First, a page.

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Matrix Multiplication

I'm always messing up rows and columns of matrices when it comes to putting results in the proper cell. I am the type that can even screw a 2x2 matrix. The photoshoot for "Trip on the Complex Plane - the Matrix View" had to be done twice for that very reason.

When you think of it: the series of row index numbers form a column. Very confusing at times. It is like the problem I have with aubergines and courgettes. Only when I see an aubergine I can tell that the green one must be a courgette.

In order to supply visual support for my poor brain I've cut&pasted this page on matrix multiplication.


When two matrices shall be multiplied, the rows of the left one are correlated with the columns of the right one. I might as well cut the matrices into pieces directly. These single row and column strips are now vectors.


I give those vectors slightly different teints, to distinguish them in upcoming operations. Indexing starts with zero, at least when using matrices in dsp-technique.


Start correlating matrix A row 0,  with matrix B column 0:


Correlation of two vectors means to find the inner product: the sum of products of corresponding cells. Let us do an example.


The inner product of two vectors is just one number. That number should go in the correct cell of the output matrix. In the case of row zero, column zero, it is not so difficult to find that cell. It is just the first one we come across.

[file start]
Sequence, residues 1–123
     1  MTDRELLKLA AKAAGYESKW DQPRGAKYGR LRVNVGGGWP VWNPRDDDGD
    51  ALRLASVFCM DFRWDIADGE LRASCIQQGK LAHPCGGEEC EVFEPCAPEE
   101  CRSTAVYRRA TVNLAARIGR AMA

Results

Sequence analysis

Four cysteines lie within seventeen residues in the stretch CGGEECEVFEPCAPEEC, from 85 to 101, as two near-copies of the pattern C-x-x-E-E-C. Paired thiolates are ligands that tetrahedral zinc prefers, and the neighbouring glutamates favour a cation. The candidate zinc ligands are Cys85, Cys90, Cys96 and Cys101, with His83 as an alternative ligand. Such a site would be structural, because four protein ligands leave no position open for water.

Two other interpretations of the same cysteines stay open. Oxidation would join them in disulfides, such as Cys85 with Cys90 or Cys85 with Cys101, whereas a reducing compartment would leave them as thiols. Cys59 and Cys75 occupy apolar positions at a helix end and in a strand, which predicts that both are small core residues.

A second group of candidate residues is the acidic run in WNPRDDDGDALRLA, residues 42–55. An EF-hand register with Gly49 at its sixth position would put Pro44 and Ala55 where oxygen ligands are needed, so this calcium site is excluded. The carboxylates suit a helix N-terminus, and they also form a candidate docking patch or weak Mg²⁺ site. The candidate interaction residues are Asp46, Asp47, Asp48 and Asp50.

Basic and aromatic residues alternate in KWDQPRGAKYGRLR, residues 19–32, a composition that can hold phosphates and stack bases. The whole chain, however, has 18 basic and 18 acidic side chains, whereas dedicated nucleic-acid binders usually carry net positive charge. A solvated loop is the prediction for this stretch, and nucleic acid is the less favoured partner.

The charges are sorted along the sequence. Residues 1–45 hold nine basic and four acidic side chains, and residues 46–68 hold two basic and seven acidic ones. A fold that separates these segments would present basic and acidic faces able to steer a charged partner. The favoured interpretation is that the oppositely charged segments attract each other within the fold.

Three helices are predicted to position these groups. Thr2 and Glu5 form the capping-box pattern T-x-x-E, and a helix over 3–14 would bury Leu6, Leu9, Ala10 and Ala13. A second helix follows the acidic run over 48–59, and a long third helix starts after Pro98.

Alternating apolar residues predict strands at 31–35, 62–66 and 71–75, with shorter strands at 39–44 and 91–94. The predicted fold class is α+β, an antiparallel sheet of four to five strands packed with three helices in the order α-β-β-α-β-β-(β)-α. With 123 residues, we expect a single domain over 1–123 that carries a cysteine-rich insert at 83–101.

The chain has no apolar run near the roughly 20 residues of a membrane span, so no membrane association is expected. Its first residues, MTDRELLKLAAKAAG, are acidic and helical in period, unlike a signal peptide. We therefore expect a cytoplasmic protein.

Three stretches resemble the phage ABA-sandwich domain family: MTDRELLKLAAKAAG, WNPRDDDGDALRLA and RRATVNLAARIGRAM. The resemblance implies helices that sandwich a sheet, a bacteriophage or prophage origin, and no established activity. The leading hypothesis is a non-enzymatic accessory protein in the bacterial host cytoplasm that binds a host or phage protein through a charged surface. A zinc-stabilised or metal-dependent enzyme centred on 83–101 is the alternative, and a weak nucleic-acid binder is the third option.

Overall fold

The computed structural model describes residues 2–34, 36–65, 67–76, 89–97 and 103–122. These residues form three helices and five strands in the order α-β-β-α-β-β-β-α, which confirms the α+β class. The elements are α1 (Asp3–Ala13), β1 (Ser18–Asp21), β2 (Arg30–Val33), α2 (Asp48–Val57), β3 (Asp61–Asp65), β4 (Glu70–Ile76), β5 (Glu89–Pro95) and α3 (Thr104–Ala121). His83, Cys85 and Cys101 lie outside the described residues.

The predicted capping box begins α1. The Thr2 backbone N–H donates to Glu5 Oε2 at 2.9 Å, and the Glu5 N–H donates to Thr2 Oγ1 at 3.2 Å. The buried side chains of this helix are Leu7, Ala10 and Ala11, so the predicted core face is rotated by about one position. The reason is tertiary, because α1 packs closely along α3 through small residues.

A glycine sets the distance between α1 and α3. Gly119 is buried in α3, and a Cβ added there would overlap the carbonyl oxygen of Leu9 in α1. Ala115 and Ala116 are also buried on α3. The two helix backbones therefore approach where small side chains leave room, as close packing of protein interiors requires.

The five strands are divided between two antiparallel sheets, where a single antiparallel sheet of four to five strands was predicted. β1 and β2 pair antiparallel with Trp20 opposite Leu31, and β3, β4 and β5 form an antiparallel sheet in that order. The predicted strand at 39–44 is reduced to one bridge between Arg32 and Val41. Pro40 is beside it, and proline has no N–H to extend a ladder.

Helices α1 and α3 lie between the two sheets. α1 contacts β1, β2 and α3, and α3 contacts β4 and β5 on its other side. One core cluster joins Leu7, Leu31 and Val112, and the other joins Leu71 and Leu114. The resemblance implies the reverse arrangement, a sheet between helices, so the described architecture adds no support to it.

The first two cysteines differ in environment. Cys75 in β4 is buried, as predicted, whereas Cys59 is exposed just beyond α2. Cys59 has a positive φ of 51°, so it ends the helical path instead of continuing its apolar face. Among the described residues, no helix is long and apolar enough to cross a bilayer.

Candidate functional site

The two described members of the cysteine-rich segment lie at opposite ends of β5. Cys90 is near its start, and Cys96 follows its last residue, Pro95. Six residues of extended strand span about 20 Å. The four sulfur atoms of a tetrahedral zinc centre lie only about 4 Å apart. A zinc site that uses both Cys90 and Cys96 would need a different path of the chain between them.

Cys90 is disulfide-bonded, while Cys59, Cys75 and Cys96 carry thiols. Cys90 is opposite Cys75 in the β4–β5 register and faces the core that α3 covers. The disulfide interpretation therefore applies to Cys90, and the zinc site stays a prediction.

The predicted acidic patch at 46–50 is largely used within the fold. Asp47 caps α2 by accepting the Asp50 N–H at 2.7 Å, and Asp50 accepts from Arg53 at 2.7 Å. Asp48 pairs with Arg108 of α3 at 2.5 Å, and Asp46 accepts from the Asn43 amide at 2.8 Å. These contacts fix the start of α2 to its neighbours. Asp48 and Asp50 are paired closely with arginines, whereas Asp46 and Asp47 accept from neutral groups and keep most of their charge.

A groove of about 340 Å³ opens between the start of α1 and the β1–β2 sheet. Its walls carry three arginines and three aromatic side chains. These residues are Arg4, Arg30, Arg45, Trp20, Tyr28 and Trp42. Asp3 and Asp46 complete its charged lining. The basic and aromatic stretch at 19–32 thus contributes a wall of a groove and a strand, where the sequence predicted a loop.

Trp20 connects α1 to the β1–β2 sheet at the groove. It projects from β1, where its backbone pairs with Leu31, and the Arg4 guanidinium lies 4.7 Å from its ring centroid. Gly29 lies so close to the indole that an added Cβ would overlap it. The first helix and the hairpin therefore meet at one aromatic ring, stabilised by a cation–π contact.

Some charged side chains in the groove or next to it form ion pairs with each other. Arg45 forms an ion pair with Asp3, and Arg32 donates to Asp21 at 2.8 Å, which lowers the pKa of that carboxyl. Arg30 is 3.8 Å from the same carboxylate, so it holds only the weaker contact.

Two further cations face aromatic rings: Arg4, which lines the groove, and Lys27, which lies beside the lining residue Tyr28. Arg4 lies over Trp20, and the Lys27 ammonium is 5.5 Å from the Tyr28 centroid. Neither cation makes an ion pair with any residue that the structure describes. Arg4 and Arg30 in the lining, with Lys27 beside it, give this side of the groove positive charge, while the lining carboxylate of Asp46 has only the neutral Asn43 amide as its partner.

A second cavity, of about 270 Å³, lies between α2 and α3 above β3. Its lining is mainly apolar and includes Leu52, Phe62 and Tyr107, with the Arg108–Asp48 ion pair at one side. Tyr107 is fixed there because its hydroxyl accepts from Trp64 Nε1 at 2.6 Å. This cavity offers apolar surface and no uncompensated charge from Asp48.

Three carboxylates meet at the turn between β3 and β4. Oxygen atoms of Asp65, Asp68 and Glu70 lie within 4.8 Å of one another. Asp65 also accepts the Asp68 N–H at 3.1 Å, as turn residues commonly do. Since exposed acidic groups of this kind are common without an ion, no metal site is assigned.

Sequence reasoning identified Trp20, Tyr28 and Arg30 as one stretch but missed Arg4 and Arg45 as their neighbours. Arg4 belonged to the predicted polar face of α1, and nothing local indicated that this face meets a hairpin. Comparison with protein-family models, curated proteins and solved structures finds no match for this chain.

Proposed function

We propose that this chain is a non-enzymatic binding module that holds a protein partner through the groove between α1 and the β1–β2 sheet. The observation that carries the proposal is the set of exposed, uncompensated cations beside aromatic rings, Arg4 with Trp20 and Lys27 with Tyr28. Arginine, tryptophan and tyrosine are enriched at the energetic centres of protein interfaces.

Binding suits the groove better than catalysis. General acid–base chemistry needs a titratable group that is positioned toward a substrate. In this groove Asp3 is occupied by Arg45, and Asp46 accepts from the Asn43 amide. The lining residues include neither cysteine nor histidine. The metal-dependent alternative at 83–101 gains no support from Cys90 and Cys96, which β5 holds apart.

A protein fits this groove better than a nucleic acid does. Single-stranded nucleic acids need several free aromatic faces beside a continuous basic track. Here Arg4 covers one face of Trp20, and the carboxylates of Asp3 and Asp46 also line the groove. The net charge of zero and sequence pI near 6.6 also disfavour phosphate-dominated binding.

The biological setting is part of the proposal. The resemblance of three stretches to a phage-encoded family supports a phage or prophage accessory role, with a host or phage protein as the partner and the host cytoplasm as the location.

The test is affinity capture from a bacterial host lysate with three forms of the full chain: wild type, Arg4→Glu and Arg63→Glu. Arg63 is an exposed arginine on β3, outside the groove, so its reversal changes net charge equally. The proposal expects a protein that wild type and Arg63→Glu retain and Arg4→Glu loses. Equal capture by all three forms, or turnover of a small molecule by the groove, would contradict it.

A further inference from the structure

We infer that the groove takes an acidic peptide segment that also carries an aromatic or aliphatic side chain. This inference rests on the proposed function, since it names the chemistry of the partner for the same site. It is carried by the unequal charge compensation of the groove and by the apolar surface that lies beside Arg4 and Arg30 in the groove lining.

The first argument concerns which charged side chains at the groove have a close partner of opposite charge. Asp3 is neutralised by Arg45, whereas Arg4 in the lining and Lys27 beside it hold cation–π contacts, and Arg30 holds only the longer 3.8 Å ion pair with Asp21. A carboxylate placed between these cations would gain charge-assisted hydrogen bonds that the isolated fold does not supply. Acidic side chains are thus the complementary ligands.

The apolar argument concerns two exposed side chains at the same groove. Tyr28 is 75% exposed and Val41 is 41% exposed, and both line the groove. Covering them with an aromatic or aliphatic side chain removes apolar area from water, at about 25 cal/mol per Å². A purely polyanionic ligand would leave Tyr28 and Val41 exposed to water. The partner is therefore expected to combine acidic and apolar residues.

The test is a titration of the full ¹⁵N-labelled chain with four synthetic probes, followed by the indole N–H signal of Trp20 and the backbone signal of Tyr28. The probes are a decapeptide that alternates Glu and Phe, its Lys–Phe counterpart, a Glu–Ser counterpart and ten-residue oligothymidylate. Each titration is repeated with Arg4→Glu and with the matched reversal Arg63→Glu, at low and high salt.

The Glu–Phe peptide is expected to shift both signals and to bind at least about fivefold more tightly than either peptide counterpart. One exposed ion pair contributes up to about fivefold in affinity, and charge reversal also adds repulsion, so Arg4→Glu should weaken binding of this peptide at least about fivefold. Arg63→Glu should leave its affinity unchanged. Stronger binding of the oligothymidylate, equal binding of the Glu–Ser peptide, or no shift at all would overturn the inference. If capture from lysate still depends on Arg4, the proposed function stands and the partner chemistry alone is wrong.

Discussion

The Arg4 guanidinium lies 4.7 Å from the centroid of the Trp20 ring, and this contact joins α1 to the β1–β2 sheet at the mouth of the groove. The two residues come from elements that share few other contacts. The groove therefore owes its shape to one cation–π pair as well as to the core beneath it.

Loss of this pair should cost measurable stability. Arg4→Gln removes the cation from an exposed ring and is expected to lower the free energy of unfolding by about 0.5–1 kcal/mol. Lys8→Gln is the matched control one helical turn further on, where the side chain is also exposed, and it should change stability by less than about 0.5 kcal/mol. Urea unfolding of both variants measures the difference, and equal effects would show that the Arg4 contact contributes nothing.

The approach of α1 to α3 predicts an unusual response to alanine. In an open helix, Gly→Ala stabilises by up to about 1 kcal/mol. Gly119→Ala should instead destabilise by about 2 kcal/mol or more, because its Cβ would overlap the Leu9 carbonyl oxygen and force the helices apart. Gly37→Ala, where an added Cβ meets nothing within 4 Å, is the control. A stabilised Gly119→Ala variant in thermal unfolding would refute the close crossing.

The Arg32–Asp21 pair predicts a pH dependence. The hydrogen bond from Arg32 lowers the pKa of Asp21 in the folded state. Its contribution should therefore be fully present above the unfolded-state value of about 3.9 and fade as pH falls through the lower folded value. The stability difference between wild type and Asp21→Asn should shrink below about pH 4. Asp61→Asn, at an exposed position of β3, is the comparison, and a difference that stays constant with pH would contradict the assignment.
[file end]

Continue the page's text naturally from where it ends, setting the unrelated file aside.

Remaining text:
When continuing matrix multiplication, the cells of the output matrix need to be identified. By convention, the first id-number of a cell is that of it's row, and the second is that of it's column.


For example, the correlation product of matrix A row 1, and matrix B column 0, goes into cell 10 of the output matrix.


Another example, just to get the feel of it:


These examples were with 3x3 matrices everytime. But matrices need not be square. They can be rectangular, and they can consist of just one row or one column. A typical configuration is: a one-column matrix multiplied by a square matrix. The vectors must have equal length. I will do one example of that, with two-point vectors, because this has the scheme of complex multiplication.


Maybe you wonder if matrix division is also possible. In a certain sense, and under certain conditions, that can be the case. Compare with: division by 4 is multiplication by 1/4. There is no seperate operation for matrix division. Multiplication with the inverse is the only option. Provided there is an inverse, because not al matrices have one. Construction of matrices with known inverses may be in the top 3 of dsp-challenges.